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Building block: first phase of Main Street project begins

Building block: first phase of Main Street project begins

By Jeff Poole

Editor

Over the last 20 years, the Town of Orange has renovated the depot and Church Street, improved sidewalks on Madison Road, built new town entrance signs and fixed Railroad Avenue. Now, it’s ready to start on Main Street.

A brief walk between Short Street and Byrd Street provides evidence that improvements are in the offing.

According to Orange Director of Community Development John Cooley, the latest phase of the town’s downtown redevelopment starts with the segment of Main Street between the railroad tracks and Byrd Street.

In a Virginia Department of Transportation enhancement grant that dates to the late 1990s, the town expects to complete the latest downtown improvement project by early 2021.

The town had hoped to proceed on the project more than a year ago, but problems with contractors and bids caused the delay.

At last, the town has a viable contractor to complete the project that is paid for on an 80/20 split, with the town responsible for one-fifth of project costs.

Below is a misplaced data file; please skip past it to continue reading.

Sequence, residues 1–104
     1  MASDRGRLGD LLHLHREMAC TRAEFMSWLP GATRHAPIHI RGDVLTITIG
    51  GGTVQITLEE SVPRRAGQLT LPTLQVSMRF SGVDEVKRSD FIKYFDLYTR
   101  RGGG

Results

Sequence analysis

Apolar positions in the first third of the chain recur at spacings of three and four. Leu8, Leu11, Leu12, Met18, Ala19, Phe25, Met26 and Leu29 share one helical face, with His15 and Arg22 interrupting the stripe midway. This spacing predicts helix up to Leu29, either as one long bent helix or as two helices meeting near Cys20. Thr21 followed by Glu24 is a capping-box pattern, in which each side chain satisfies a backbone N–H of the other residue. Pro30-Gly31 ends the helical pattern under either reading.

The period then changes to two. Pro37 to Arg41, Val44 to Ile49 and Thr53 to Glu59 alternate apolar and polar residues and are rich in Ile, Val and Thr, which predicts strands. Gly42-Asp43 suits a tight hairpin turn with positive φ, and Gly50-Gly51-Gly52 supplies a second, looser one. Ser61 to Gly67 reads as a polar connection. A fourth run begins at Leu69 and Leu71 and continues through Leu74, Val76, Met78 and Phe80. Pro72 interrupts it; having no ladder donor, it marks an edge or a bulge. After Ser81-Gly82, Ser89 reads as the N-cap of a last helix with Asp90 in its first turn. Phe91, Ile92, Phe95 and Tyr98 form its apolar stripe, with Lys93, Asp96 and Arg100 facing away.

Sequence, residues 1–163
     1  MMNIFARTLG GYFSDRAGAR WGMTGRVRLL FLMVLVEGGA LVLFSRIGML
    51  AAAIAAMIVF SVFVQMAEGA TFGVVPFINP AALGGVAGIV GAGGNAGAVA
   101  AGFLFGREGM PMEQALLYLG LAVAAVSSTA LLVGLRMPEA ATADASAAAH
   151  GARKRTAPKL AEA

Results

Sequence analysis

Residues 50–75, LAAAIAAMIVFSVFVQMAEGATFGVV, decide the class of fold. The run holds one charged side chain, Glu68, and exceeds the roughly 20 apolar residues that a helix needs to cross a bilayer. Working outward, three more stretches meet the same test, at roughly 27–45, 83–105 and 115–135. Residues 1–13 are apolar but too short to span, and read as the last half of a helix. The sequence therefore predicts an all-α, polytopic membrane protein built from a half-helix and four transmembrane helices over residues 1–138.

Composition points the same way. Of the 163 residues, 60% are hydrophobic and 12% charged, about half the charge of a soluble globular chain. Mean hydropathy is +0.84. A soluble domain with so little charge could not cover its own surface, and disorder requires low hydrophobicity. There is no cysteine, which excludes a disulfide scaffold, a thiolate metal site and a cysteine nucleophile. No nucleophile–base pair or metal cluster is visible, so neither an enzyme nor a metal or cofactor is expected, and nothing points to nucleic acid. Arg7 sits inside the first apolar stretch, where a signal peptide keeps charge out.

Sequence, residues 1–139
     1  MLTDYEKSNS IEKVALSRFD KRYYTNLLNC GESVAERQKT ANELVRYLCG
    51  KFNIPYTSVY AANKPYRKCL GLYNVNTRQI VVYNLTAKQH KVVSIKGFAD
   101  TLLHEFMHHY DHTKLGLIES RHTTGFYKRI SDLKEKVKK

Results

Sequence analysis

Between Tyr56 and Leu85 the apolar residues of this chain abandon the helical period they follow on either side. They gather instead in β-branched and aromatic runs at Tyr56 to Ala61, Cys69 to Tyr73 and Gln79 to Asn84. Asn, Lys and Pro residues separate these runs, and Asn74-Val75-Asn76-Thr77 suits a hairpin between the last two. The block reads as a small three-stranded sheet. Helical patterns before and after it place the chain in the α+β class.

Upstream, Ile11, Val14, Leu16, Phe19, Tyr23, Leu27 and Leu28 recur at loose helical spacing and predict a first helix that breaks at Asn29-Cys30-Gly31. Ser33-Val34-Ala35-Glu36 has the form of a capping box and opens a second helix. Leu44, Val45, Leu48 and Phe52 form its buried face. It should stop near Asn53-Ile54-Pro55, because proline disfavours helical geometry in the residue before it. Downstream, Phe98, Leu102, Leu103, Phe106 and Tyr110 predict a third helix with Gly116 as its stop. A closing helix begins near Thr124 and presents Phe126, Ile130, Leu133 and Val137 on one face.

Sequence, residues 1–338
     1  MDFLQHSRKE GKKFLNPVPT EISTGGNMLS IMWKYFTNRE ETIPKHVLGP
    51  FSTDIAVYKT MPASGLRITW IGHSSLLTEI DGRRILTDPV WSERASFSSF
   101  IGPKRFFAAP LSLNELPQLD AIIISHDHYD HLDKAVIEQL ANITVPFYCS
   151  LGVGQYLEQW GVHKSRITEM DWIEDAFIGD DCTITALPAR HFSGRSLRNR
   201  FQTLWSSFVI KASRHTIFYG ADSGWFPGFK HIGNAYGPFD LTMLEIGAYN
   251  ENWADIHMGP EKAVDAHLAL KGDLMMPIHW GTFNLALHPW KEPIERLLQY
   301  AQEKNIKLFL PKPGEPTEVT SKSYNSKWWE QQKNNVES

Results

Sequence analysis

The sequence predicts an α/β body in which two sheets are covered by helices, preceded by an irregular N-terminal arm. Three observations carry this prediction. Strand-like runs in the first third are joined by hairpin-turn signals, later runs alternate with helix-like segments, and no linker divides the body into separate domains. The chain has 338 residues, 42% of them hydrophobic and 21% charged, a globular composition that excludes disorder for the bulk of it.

The project will improve the streetscape and sidewalks between the railroad tracks and Byrd Street in what Cooley hopes is the first phase of a complete Main Street renovation.

In the coming months, contractors will dig up existing sidewalks and curbs within the block to begin replacing them with new sidewalks, concrete scoring, planting areas, street lights and reconfigured parking spaces.

Additionally, Cooley said, the town is coordinating signaling with Norfolk-Southern to align traffic signals at the Byrd Street-Main Street intersection with the Main Street railroad crossing to alleviate traffic back-ups at that intersection.

If the train is crossing Main Street, the left-hand turn signal from Byrd Street to Main Street will remain “red,” Cooley noted. Also, as part of the project, Cooley said construction will allow the town to create uniformity with lane widths, which vary because of sidewalk and street widths.

The changes will be most notable on the north side of Main Street, he said.

While the project will eliminate several existing parking spaces in the block between the railroad tracks and the Byrd Street-May-Fray intersection, Cooley noted ample public parking is available at the train station, the municipal lot near Mario’s Pizza and, with a recent agreement with the Sedwick family, in the lot from Main Street to the former Sears building (Stafford Systems) behind UVA Community Credit Union.

While Main Street may lose a couple spaces, Cooley noted the new ones will meet modern standards.

Additionally, he said the sharp turn from May-Fray to Main Street will be mitigated to allow improved traffic flow, particularly for larger vehicles.

Also, as part of the project, the town will add streetlights along Byrd Street from the Church Street intersection to Main Street, completing the 2016 Byrd Street project.